Published: Sun, December 02, 2018
Business | By Eloise Houston

US Fed says another rate hike "likely to be warranted fairly soon"

US Fed says another rate hike

Powell's dovish comments mean the probability of accelerated pace of rate increases in the U.S. is rather low, and that should burnish the appeal of all emerging market assets.

A few participants also expressed reservations about the timing of the next rate hike, suggesting that the benchmark rate - which determines the cost of borrowing on credit cards, mortgages and other loans - may now "be near its neutral level" and "further increases" could slow down the economy's expansion.

Powell said in a speech in NY that interest rates remained "low by historical standards" and still provided stimulus to the economy.

This week, a speech by Jerome Powell, the chairman of the US Federal Reserve, triggered strong price swings in financial markets.

The Fed has settled into a quarterly rate-hike cycle and is still expected to raise rates again next month, in what would be the fourth hike this year.

But policymakers also say they may soon begin to give the public fewer clues about their plans, striking language from future statements about "further gradual increases" and instead keeping a close eye on developments in the economy. But turning to financial stability, the main topic of his speech, he added, "We know that things often turn out to be quite different from even the most careful forecasts".

Minutes released yesterday from the Fed's November 7-8 policy meeting showed disagreements about the path of interest rates, with some policymakers worrying that tightening too fast could stem economic growth.

She said the market interpreted his comments as dovish, meaning rates won't move substantially higher, or even that the US central bank may take a pause in early 2019 after its expected increase next month.

Powell said that the outlook for the USA economy remains solid and that interest rates are almost within a "neutral" range.

With last year's deep tax cuts and fiscal stimulus from Congress, the world's largest economy continues to hum, producing steady job growth and driving the unemployment rate to its lowest level since 1969 even as inflation remains right at the Fed's two percent target.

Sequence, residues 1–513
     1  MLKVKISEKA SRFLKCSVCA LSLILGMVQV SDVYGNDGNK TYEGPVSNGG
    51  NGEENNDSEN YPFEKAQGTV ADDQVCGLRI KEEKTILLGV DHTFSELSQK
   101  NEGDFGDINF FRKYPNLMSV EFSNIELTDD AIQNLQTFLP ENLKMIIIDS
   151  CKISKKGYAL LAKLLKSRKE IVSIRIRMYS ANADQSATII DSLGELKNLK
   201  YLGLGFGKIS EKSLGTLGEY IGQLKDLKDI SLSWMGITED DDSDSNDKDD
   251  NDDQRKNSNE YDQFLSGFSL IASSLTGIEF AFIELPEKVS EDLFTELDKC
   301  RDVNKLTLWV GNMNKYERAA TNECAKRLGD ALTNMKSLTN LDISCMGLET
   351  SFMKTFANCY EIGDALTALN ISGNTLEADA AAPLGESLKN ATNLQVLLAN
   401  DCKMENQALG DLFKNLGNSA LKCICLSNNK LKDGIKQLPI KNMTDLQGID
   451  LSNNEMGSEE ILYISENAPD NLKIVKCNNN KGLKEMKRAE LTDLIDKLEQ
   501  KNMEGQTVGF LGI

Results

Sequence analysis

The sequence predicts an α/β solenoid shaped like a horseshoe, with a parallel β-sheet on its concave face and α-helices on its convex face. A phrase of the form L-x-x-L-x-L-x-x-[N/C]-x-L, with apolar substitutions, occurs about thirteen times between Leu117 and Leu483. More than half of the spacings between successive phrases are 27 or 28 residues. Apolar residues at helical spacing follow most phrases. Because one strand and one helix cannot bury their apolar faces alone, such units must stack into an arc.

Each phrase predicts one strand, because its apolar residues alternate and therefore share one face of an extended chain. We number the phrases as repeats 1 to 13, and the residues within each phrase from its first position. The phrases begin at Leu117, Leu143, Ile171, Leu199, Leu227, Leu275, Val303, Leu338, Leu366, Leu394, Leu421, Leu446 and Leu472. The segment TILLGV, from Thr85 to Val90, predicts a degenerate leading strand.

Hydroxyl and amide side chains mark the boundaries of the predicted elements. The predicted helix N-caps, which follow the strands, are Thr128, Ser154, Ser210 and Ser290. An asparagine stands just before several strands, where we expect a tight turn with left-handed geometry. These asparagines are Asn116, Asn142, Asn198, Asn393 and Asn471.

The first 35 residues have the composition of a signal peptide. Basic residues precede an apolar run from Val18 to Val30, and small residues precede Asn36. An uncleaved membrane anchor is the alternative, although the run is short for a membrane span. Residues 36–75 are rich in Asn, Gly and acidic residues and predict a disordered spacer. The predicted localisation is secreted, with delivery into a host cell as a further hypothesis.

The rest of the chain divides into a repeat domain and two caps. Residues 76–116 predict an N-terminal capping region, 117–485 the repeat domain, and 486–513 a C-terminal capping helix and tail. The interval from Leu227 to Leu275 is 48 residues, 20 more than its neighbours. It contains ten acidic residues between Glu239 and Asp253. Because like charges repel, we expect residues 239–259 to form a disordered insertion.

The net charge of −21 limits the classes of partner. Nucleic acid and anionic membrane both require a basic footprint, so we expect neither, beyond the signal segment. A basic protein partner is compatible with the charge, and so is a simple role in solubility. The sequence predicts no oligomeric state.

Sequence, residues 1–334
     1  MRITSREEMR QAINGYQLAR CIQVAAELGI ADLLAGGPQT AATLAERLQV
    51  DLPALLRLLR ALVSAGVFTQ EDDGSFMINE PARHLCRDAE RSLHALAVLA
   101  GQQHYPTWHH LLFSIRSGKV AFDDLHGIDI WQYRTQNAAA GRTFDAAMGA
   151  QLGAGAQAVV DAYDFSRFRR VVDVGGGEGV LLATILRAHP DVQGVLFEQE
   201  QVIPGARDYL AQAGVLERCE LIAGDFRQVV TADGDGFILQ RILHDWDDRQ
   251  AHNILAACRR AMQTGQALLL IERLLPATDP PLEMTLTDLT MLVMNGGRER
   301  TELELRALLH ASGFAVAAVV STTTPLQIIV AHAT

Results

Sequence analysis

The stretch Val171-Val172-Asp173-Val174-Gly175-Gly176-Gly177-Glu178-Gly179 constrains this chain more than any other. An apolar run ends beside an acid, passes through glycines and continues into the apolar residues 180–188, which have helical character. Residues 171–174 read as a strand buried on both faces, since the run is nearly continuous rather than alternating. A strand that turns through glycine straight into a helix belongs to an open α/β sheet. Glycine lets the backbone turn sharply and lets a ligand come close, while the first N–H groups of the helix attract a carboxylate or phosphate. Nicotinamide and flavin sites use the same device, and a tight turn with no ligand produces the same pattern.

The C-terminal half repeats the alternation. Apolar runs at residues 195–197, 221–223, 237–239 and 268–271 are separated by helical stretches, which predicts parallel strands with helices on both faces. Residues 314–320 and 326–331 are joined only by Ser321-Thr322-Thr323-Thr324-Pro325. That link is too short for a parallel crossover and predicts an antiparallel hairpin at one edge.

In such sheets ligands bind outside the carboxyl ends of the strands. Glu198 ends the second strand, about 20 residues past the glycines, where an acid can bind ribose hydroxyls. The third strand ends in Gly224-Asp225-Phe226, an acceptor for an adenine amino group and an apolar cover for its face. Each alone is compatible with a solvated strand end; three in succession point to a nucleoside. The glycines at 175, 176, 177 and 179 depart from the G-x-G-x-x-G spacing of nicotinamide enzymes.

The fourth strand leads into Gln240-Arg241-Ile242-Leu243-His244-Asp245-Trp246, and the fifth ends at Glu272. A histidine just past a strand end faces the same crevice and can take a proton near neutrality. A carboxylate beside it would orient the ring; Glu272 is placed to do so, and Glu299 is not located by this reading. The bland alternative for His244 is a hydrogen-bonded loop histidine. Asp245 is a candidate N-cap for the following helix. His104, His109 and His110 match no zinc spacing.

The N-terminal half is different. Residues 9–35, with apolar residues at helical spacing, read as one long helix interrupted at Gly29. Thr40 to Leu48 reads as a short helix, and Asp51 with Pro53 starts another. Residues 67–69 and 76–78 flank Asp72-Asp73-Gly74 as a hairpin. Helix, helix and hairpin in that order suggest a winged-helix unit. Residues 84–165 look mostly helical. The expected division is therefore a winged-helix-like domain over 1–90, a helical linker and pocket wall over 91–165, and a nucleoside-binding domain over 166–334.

"Powell took pains to state that the FOMC's rate projections are based on their best assessments of the economic outlook", Kevin Logan, chief USA economist for HSBC wrote in a Wednesday note to clients, referring to the policy-setting Federal Open Market Committee. While interest rates were gradually moving to a neutral point, "we're a long way from neutral at this point, probably". Daco said Powell's comments - coupled with comments from Fed vice chair Richard Clarida on Tuesday - show a "growing desire by the Fed to move the landing zone for the federal funds rate, and signal less cumulative tightening ahead".

"Powell said nothing to suggest that he or the majority of the FOMC think they'll be able to stop at the bottom of the range, after just one more hike", said Ian Shepherdson, chief economist at Pantheon Macroeconomics.

"Over the past year, firms with high leverage and interest burdens have been increasing their debt loads the most", Mr. Powell said. Investors might, for example, question whether the Fed would feel free to keep raising rates, if it felt it necessary to control inflation.

The Fed raised its benchmark rate in March, June and in September, with the last increase putting it in a range of 2 percent to 2.25 percent.

In his speech Wednesday, Powell spoke directly to the stock market volatility and somewhat downplayed the recent action. Some analysts are now saying the Fed may decide to raise rates only once or twice in 2019.

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